Originally published on February 22, 2015, at NationofChange.org
Accused of conspiring to overthrow the Venezuelan government, the mayor of Caracas was arrested on Thursday when over a dozen intelligence agents stormed into his office without a warrant and fired warning shots into the air. Captured on surveillance footage, roughly a dozen agents of the Bolivarian Intelligence Service wearing bulletproof vests and brandishing assault rifles detained Mayor Antonio Ledezma and escorted him from his office while firing warning shots to scare off his staffers. Facing severe economic turmoil and increasing social unrest, Venezuelan President Nicolas Maduro has been targeting military and political opponents charging them with sedition without providing direct evidence against the dissidents.
Mayor of Caracas since 2008, Ledezma had been working in his office on Thursday when roughly a dozen heavily armed intelligence agents entered the room to arrest him. While taking Ledezma into custody, officers reportedly struck the mayor and his wife, Mitzy.
“They arrested him savagely,” the mayor’s wife recalled. “They hit him.”
According to witnesses, police fired warning shots into the air when Ledezma’s staffers attempted to intervene. Surveillance cameras recorded the federal agents approaching the mayor’s office and escorting him out of the building. The agents processed Ledezma at the intelligence agency’s headquarters before transporting him to a military prison outside Caracas where other significant political opponents are currently detained.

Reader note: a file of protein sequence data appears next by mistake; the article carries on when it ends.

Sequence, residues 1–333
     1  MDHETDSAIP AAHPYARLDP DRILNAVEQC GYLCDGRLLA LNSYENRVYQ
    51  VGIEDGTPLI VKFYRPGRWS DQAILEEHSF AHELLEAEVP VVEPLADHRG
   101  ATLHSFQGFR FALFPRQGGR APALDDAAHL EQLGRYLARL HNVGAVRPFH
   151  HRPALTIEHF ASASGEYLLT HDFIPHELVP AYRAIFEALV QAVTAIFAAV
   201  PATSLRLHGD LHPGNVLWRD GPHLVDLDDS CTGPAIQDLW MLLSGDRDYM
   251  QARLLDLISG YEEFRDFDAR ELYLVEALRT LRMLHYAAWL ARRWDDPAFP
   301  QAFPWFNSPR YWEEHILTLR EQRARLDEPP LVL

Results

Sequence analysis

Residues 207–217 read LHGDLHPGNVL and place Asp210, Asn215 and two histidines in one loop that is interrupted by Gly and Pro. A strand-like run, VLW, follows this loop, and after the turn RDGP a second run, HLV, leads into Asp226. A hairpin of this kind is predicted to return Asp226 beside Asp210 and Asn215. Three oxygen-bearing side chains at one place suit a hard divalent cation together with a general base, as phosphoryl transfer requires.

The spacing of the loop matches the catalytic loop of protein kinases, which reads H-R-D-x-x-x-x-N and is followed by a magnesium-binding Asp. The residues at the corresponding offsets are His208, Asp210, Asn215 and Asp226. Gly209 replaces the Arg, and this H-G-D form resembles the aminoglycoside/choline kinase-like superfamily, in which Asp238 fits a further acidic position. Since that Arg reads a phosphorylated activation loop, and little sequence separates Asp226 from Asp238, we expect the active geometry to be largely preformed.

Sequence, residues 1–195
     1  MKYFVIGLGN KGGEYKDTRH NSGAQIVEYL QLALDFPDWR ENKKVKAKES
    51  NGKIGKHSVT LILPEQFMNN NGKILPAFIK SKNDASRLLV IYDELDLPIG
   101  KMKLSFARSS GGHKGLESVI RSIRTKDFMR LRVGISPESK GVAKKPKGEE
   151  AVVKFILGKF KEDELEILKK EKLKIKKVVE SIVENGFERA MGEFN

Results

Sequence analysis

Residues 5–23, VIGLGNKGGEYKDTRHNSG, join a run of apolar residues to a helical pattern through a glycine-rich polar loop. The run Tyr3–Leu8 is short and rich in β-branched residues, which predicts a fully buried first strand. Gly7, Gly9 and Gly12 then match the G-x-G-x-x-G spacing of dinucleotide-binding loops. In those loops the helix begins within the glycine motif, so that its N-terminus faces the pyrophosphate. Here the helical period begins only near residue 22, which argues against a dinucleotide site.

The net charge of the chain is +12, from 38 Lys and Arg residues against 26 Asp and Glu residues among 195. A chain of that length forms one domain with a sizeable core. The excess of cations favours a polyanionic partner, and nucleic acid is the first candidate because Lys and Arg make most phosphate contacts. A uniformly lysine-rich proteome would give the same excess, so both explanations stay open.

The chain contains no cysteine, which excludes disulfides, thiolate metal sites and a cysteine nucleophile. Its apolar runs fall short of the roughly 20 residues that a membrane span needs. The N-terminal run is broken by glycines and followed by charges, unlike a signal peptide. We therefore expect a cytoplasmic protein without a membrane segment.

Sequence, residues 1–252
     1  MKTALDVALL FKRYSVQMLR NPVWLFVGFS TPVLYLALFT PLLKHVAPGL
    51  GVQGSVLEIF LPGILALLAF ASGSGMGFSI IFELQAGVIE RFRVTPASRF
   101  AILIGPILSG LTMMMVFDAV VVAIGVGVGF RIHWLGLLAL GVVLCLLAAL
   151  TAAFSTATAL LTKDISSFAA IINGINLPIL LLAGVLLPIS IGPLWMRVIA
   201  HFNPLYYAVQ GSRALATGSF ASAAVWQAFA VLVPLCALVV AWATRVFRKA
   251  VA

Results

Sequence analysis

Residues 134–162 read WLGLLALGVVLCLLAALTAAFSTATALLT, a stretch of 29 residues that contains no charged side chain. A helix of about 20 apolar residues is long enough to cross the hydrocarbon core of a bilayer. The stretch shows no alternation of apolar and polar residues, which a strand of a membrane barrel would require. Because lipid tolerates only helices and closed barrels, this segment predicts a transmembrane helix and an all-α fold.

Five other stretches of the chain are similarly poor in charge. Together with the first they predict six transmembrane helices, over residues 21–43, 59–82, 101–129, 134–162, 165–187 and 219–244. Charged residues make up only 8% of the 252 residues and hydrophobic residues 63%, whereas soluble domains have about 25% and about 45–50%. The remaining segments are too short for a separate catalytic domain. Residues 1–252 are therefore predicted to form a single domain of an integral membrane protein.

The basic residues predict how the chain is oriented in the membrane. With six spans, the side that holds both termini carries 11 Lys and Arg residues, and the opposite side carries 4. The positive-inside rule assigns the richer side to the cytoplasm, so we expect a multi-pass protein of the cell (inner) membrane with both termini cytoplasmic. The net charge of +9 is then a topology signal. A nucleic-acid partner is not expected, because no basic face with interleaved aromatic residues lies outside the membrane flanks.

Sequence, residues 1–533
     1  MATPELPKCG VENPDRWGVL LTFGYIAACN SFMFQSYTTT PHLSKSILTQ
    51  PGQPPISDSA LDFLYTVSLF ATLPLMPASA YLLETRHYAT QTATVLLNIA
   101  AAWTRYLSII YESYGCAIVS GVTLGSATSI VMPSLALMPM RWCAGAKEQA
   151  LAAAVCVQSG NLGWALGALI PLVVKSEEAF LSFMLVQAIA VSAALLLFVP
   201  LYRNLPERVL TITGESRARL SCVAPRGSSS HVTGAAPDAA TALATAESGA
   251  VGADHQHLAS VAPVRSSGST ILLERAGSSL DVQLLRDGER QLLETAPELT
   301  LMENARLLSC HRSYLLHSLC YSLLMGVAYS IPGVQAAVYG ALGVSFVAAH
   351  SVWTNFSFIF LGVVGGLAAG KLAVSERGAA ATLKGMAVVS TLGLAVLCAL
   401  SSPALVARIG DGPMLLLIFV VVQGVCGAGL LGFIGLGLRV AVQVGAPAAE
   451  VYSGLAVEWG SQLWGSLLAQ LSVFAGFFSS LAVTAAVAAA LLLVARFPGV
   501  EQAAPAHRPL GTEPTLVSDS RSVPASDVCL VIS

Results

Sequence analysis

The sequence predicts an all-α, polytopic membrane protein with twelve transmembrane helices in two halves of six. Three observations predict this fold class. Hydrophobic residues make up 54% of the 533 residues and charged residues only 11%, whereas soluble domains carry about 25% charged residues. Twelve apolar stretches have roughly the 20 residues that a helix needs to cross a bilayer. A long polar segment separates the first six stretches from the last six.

On Thursday night, Venezuelan President Nicolas Maduro announced that Ledezma had been arrested for conspiring against the peace and stability of the nation. Maduro stated, “Mr. Ledezma, who today by order of the prosecution was captured, must be processed by Venezuelan justice to answer for all the crimes committed against the country’s peace, security, and constitution.”
In response to the accusations, Ledezma replied that government corruption had been responsible for Venezuela’s rapid decline. With the collapse in the international price of oil, annual inflation at 69%, and a currency that has fallen over 50% in value against the dollar on the black market, Maduro’s approval rating plunged to 22% last month. With Venezuelans facing rampant supermarket shortages across the country, Ledezma wrote a public letter calling for a transitional government.
According to Maduro, the mayor committed conspiracy by publishing his letter in an anti-government newspaper. Maduro also claimed that he would reveal videos and recordings next week implicating the US Embassy in the plot to overthrow him.
“Without evidence of having committed an offense, the mayor should have never been detained and should be freed immediately. If not, we will be facing a new case of arbitrary detention against government opponents, in a country where there is no judicial independence,” stated José Miguel Vivanco, director of Human Rights Watch’s Americas division.